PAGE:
Saturday, April 10, 2021

COVID-19 vaccines will cushion Nigeria’s humanitarian challenges – Minister


tiamin rice

The Ministry of Humanitarian Affairs, Disaster Management and Social Development says, the COVID-19 vaccines that arrived the country will cushion the humanitarian challenges relating to the pandemic.

Sadiya Farouq, the Minister of Humanitarian Affairs, Disaster Management and Social Development said this in a statement issued by her media aide, Nneka Anibeze on Wednesday in Abuja.

The minister expressed delight in the arrival of the 3.92 million doses of Oxford/AstraZeneca vaccines that arrived in Nigeria on Tuesday.

“Let me start by expressing my happiness for the arrival of the first consignment of the COVID-19 vaccines, this demonstrates a milestone in the history of this country in the fight against the pandemic.

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“For us in the ministry, COVID-19 is both health emergency and a humanitarian challenge; the administration of the vaccine will really go a long way in cushioning the humanitarian challenges that we are facing.

“I am using this opportunity to appreciate President Muhammadu Buhari for the support he has given to the Presidential Task Force through the Chairman and Secretary to the Government of the Federation, Mr Boss Mustapha.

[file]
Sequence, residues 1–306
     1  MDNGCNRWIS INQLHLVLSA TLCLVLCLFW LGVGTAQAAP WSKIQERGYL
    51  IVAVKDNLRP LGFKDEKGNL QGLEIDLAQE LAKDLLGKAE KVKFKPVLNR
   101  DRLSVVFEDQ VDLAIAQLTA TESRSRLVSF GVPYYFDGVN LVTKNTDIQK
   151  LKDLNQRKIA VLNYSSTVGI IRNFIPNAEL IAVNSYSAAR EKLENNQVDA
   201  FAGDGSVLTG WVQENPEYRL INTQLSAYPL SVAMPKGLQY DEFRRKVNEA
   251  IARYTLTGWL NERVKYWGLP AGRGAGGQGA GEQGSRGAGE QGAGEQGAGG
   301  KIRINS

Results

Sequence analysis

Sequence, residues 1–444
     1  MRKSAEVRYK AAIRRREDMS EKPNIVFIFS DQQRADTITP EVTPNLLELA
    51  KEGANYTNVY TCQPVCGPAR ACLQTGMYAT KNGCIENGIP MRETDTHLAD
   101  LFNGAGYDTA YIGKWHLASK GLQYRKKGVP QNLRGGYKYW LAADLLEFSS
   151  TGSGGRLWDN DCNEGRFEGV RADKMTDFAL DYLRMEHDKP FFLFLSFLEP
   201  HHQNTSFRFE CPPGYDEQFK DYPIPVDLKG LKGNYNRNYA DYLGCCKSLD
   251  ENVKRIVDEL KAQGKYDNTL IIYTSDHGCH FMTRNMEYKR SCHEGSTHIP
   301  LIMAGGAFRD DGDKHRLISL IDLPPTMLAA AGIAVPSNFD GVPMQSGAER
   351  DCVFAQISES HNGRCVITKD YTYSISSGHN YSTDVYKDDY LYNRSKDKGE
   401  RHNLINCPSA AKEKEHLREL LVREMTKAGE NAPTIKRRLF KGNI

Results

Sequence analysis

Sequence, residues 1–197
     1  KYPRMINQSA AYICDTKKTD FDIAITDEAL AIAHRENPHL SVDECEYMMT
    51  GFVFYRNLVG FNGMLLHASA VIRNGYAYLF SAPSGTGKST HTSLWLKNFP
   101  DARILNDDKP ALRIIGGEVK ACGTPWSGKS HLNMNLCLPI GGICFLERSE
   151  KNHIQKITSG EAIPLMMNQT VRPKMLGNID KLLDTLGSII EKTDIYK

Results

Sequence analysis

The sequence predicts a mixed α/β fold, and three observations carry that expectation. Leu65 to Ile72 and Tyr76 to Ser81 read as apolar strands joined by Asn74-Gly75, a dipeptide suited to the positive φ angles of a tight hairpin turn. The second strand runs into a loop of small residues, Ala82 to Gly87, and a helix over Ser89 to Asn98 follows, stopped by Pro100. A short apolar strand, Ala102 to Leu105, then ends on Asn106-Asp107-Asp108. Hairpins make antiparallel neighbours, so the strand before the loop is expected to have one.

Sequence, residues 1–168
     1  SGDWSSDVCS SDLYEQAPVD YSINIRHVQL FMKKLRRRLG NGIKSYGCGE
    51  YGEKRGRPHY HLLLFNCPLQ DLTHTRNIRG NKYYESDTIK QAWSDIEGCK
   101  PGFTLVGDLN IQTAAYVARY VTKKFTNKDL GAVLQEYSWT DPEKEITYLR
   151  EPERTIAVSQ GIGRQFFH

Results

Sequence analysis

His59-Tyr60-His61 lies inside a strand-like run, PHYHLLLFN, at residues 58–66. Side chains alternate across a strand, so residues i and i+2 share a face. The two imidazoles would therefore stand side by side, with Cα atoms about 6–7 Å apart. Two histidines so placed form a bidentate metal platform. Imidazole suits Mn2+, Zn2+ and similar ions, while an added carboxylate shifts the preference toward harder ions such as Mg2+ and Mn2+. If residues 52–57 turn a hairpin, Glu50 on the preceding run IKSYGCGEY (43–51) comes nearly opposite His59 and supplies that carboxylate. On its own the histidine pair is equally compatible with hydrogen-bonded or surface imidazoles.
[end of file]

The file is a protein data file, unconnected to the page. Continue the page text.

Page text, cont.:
“We are all pleased and we hope that these vaccines will be effectively utilised,” Farouq said.

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The statement also quoted Mustapha as describing the arrival of the vaccines as a milestone in the history of the country and international response to COVID-19.

“The successful development of vaccines and the accelerated process for emergency authorisation has brought hope to humanity all over the world.

“The delivery of these vaccines was made possible as a result of the resourceful leadership provided by President Buhari, the National Assembly and major financial support from our friends globally,” he said.

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The PTF Chairman explained that the Federal Government was expecting an additional 84 million doses of the Oxford/AstraZeneca vaccines from COVAX within the year.

He said the vaccine would serve 20 per cent of Nigeria’s over 200 million populations.

Mustapha said that government would begin the vaccination of frontline healthcare workers who would be the highest-priority recipients and strategic leaders in Abuja from March 8.

The AstraZeneca/Oxford vaccine, manufactured by the Serum Institute of India (SII) is from Mumbai, India.


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